The Macquarie valley covers more than 75,000 square kilometres in the north of New South Wales. It extends from the Blue Mountains to the Barwon River Plains, with major tributaries including the Cudgegong, Talbragar and Bell rivers. The valley is home to the iconic Macquarie Marshes – one of the largest semi-permanent wetland systems and colonial waterbird breeding sites in inland Australia.
A record drought
A record drought dominated conditions at the start of the 2019–20 water year, with all carryover water in licenced accounts quarantined by WaterNSW. This included 111.5 gigalitres from the NSW Environmental Water Allowance and general security held environmental water (HEW) held by New South Wales and the Commonwealth Environmental Water Holder (CEWH).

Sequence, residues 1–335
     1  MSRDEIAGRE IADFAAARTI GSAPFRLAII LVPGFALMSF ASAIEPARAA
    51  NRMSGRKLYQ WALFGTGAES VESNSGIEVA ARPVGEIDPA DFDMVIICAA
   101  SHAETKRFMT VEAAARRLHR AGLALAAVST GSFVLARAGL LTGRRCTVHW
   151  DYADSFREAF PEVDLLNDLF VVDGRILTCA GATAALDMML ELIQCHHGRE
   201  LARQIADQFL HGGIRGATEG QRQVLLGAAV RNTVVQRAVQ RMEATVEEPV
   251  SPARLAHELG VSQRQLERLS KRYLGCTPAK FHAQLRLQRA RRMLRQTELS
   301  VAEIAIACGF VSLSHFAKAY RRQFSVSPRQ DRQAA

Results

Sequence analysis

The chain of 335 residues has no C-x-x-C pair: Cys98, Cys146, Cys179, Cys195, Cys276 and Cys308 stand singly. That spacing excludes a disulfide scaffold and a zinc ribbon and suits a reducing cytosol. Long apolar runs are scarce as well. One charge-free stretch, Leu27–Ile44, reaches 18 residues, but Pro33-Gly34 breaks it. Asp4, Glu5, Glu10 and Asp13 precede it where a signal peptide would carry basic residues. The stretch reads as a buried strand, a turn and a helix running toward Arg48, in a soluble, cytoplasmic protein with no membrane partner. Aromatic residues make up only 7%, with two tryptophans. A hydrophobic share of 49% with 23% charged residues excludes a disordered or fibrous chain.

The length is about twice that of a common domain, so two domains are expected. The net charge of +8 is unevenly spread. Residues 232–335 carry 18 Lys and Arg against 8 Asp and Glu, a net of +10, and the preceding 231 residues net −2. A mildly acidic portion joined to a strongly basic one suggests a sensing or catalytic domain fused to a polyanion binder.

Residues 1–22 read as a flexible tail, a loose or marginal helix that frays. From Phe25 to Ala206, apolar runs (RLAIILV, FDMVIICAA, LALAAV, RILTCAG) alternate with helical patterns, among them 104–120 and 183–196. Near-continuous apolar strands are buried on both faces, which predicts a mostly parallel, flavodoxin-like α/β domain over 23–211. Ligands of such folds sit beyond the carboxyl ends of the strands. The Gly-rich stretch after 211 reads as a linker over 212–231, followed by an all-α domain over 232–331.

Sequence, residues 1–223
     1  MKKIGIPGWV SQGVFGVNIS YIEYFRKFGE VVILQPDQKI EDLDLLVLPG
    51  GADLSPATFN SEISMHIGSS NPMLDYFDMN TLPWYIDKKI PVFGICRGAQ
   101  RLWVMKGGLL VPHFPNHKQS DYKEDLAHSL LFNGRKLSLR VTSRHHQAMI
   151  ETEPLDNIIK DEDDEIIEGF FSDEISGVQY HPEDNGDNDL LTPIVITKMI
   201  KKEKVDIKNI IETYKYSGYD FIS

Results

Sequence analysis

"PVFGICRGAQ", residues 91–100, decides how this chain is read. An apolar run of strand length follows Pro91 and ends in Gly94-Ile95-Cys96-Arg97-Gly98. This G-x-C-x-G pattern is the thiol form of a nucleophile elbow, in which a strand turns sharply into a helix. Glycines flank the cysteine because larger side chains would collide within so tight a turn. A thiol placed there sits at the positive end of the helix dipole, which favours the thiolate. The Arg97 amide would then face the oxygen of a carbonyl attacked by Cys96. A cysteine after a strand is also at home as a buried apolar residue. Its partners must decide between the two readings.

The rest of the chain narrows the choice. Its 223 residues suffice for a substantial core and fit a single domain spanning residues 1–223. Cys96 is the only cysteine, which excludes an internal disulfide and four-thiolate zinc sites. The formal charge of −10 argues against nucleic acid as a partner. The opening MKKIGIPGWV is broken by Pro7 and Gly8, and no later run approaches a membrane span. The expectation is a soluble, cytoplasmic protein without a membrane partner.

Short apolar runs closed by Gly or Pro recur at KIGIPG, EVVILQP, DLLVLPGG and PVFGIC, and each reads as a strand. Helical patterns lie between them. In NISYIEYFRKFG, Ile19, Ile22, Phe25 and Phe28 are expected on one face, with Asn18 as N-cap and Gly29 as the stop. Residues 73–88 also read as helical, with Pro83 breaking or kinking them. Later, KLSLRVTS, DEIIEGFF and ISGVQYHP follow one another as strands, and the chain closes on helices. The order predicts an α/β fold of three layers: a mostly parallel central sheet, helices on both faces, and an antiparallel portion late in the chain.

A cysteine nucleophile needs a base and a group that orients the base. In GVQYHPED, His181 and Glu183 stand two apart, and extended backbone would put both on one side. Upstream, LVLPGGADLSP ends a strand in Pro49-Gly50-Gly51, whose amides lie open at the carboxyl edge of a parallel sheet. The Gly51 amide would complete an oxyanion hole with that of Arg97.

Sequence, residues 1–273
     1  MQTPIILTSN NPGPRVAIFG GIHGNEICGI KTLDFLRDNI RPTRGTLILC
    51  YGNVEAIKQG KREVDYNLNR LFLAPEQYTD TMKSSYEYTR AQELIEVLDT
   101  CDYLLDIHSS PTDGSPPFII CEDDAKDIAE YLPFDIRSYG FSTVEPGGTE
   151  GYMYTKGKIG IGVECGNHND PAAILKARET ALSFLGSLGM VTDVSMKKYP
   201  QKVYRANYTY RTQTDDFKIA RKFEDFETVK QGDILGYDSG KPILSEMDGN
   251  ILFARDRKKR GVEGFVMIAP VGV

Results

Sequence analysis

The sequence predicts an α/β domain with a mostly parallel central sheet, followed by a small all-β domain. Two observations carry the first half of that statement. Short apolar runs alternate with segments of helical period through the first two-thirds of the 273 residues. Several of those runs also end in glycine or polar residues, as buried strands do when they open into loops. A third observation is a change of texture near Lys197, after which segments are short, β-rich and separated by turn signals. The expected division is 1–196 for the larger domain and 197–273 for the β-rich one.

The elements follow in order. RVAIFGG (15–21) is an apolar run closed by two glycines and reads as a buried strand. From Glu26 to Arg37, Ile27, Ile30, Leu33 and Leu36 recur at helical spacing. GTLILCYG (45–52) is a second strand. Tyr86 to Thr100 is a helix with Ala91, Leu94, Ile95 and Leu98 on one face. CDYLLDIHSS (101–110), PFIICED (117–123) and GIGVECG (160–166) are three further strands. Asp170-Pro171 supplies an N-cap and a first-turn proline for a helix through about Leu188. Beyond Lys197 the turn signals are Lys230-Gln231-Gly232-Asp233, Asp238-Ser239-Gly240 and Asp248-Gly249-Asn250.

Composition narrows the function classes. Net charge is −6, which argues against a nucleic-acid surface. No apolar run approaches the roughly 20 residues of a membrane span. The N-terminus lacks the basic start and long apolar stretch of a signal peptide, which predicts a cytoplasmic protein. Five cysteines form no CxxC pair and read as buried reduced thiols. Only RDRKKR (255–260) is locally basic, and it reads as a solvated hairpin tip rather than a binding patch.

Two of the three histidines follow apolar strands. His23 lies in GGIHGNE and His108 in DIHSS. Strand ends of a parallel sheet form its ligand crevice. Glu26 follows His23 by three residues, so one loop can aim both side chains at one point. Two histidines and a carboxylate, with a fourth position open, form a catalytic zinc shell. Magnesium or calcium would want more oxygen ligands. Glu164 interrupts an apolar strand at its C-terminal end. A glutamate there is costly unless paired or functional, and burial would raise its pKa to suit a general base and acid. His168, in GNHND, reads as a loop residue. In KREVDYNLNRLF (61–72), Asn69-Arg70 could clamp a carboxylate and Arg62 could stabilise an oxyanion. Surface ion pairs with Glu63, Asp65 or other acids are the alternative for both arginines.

No water was available for active management, which meant the third year of the 3-year watering strategy set in 2016–17 was unable to be completed.
The prevailing resource availability scenario identified in the Macquarie–Castlereagh Catchment Annual Environmental Watering Priorities 2019–20 remained as ‘very dry’ in April 2020, with no water availability and an extremely dry landscape after 2.5 years of drought.
That situation started to change in January 2020 with rainfall resulting in runoff, followed by many events until 30 June 2020. The regulated river was again flowing through to the Barwon River and inundation of the core of the Macquarie Marshes occurred, including the northern Marshes reedbed which burnt in October 2019. Some supplementary HEW was used during this period to maximise flows to the Marshes and commence drought recovery. Some water-take restrictions were also applied by the NSW Government.